7. KLH 28

    I remember those photos from five years ago - Wow, they have three of the large KLH woofers per cabinet as seen in the models 5, 12, & 23 ! They would have weighed a good 75 lbs. apiece and with a total of six drivers, and been able to handle tons of power.
  8. Interesting Model Thirteen. Prototype?

    Yet another interesting piece of KLH history found by kent. It seems that every once in awhile a pre-production, or production variation item surfaces with the KLH label. Never seen that.....thanks for sharing the photos. As I posted a couple of years ago - I bid on a model Thirteen with a solid walnut cabinet that was factory labeled "model eight stereophonic adapter" on the front panel ! Left a crazy bid of about $450., but was outbid *%#! Andy
  9. KLH 28

    Those are indeed a rare breed...very nice!! If my memory serves me, each loudspeaker has six drivers - Can you provisde any further deails...serial number, any frequencycontrols, etc. I think they're about 1970-71 ? When working properly, those must be one fantastic sounding pair of KLH's - great find !
  10. Just thought I'd bring to life a post from the past that never got a reply. Five years later I don't know if Nobbleserf ever found the elusive KLH models one, Two or Three ? These are pretty darn scarce.....I've only seen a model Two on ebay once in 10 years. If anyone has any of these first 3 KLH loudspeaker models from 1957-8......I'm sure I'm not the only one who would like to see a photo !
  11. A League of Their Own

    I'll just add for what it's worth that KLH did pay close antention to cone weight and you often see the weight in grams written on the front side of the cone - On the larger woofer models, 5,12 & 23 you'll see these weights....24.4, 25.7, 25.1, etc. Also mentioned in the 1958 AUDIO MAGAZINE article was a large reject pile on the factory floor at KLH ! I guess they were pretty picky on specs and standards.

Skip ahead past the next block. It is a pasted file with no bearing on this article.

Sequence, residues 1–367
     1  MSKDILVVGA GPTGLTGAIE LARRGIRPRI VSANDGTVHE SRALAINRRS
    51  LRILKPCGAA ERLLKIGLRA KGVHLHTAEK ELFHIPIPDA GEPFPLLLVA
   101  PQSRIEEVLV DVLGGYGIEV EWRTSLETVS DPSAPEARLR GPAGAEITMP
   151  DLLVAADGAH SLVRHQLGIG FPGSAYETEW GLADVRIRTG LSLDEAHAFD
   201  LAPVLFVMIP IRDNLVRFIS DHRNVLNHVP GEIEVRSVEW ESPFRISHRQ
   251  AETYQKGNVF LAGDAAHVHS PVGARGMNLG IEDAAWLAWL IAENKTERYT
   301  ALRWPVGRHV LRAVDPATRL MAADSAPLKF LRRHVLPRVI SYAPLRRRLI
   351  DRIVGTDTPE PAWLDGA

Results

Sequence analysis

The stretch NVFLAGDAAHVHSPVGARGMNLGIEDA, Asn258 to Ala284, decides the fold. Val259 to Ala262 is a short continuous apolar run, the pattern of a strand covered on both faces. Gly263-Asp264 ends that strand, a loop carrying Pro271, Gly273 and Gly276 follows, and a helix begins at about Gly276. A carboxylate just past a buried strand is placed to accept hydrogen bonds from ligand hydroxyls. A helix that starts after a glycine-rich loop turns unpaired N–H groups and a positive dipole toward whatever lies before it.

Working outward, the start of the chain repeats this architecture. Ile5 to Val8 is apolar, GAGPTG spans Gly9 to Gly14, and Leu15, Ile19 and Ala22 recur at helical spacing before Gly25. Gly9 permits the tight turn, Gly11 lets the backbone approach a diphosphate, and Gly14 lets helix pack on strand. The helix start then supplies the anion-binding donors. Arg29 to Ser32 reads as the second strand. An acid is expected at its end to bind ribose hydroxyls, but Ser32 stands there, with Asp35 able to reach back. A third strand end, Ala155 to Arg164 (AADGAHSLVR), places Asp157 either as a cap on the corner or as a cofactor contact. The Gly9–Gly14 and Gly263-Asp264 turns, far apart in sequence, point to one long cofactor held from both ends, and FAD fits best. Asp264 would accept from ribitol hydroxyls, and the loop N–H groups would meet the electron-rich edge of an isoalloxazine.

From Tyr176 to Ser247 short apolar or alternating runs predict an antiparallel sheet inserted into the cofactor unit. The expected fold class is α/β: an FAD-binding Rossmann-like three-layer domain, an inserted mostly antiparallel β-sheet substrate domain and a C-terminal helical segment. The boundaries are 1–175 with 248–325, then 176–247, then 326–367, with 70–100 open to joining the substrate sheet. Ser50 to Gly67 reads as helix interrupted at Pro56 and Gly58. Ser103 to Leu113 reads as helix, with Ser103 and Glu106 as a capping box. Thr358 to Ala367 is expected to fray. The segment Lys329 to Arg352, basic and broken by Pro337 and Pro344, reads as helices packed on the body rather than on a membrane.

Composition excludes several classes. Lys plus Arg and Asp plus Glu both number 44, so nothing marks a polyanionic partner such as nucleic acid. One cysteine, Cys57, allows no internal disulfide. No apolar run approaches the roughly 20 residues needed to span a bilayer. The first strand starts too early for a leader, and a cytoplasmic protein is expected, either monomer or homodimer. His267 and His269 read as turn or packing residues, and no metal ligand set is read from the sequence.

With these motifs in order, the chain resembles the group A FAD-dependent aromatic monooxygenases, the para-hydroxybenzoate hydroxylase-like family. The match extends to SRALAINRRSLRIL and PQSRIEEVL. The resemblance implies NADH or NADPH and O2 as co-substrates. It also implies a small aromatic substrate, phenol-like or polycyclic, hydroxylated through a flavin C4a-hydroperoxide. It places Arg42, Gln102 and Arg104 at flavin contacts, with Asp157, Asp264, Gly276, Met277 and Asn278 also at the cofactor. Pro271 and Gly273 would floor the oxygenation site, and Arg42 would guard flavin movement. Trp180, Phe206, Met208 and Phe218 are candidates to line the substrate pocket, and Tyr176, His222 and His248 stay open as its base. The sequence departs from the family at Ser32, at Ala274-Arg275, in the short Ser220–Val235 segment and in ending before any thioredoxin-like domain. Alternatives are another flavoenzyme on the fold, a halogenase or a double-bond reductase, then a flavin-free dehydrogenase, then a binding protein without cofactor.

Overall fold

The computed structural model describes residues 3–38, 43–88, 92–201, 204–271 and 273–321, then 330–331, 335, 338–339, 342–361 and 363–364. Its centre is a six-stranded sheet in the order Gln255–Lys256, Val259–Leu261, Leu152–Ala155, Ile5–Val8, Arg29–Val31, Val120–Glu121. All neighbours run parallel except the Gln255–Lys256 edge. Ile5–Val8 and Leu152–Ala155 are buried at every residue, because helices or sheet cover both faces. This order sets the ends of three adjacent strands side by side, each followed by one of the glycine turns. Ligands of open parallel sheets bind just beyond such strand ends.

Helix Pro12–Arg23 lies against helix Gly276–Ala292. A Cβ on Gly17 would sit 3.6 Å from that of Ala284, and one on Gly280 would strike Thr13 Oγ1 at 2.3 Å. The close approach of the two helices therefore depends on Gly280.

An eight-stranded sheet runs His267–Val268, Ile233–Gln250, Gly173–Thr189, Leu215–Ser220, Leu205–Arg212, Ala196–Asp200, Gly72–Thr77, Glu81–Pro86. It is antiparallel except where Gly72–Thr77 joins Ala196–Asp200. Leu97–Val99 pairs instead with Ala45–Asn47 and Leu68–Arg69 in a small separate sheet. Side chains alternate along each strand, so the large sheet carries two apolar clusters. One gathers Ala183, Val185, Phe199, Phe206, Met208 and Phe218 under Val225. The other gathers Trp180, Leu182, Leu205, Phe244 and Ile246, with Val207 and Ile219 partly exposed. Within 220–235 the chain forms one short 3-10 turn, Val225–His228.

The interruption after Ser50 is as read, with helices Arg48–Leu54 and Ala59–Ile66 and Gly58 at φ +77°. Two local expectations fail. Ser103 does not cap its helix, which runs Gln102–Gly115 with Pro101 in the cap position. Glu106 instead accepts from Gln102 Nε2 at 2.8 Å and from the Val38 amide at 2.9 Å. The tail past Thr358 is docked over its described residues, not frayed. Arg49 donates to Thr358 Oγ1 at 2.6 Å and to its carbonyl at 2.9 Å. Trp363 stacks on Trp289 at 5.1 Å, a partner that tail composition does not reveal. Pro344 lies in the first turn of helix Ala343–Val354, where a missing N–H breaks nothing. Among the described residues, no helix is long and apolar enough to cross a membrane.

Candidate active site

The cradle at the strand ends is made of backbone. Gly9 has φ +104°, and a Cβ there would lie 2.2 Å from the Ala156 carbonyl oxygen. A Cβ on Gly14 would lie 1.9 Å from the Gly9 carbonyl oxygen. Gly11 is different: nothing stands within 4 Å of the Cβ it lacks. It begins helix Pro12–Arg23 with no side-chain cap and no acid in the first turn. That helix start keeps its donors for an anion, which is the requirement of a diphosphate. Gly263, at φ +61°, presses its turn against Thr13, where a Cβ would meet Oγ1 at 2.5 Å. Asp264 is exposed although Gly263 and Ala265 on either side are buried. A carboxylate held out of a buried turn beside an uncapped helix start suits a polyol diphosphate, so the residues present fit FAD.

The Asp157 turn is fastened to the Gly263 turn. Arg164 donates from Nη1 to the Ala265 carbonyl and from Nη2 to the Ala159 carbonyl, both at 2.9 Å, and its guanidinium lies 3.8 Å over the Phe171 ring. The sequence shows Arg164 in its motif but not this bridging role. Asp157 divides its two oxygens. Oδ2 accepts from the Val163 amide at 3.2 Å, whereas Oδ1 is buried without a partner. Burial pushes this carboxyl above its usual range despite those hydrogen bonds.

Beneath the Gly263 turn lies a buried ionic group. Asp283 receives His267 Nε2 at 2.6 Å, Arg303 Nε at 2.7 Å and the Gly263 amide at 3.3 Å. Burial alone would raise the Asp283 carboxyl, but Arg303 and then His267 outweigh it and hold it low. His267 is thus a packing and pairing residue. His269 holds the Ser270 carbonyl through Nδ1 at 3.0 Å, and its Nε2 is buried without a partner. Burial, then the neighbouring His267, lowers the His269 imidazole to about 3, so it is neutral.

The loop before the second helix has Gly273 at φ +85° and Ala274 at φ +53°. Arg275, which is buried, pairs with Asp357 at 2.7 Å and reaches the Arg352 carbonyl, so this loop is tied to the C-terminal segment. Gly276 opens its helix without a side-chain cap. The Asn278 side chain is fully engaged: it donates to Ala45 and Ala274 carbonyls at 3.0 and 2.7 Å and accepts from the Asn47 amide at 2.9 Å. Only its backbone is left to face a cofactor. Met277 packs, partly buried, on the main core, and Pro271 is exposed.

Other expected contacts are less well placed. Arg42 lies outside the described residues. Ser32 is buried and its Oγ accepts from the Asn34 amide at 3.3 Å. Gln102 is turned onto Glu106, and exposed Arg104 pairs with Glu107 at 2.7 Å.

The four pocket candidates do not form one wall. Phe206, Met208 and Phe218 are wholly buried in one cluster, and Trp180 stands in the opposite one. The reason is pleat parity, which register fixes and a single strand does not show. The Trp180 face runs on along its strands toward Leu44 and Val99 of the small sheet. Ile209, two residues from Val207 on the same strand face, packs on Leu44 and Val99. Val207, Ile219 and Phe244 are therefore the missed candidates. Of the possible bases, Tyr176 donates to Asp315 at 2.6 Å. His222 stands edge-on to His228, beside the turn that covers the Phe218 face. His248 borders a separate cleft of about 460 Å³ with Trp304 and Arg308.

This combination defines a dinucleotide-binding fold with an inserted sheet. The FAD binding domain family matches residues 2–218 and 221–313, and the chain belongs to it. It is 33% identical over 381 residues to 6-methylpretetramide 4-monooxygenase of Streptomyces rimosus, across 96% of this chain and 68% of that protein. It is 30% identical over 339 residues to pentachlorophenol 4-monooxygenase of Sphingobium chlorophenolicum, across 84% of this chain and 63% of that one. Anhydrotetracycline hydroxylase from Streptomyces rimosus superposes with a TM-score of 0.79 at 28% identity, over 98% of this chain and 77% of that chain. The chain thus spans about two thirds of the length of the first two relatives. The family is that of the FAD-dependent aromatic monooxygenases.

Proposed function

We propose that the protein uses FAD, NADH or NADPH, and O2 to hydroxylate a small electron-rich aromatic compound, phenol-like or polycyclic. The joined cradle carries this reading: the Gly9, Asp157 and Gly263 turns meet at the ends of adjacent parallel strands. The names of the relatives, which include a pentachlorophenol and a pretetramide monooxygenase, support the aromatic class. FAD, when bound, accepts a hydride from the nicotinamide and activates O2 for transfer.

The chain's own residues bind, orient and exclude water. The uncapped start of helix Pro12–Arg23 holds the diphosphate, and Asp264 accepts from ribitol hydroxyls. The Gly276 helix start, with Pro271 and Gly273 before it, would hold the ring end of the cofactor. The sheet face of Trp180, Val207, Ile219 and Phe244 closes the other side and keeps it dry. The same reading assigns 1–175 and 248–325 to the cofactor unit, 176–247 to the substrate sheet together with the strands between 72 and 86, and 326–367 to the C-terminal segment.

12. You may have seen this on an earlier post but anyway.....they had the same cabinet volume and woofer as the model Five giving them really nice solid bass response, the tweeter is pretty much the same as many other KLH models from the 1965-72 era. I've not seen spec sheets on it and was even absent from a 1968 KLH speaker line up ad ? All that being said, the twenty three was KLH's best two-way speaker.....I think they're great.
  13. A League of Their Own

    This early ad shows what made KLH loudspeakers so great ~ http://cgi.ebay.com/1960-KLH-stereo-speake...id=p3286.c0.m14 Most companies were outsourcing cones along with other parts. KLH even wound their own voice coils. This seller also has other kLH ads, including another from 1960 showing a finished cone. These type of ads are very unusual and shows what was important to the company.....making it yourself & making it the best ! This also reminds me of a review of KLH in 1958 by AUDIO MAGAZINE in which they took a guided tour of the production process. They were very impressed by what they saw, saying "KLH has set themselves apart from other manufactures with their vertically integrated production".
  14. Just wanted to add that I've seen a model thirteen with black KLH knobs and black feet, but only one. It likely was a customer request, or they were ordered via mail back in the early 60s from KLH to match a model Eights knobs. The Thirteen looks good with the black knobs.....nice job.
  15. Someone else on the forum will have to provide technical advice on how to go about the repairs needed on your model Fours. I can give a little history on them ~ The model Four was KLH's first full-range loudspeaker, and likely was on the market in late 1957 or early 1958. In a 1996 interview, Henry Kloss himself said of the Four, "the high frequency speaker is not one that we made. It was a unit made by GE, of all places. The best tweeter I could find happened to be one that came from GE. The Four was more expensive than the AR-1 and wildly competitive with it. I think it was $224. each. " (kloss - in 1996). CBS records adopted the model Four as their monitor speaker in about 1960. You don't see the model Four out there too often, production was much lower on them then on the models Six, Seventeen. Also, since they have the sealed cabinets, folks give up on them. It's an early KLH classic - good luck restoring them. Andy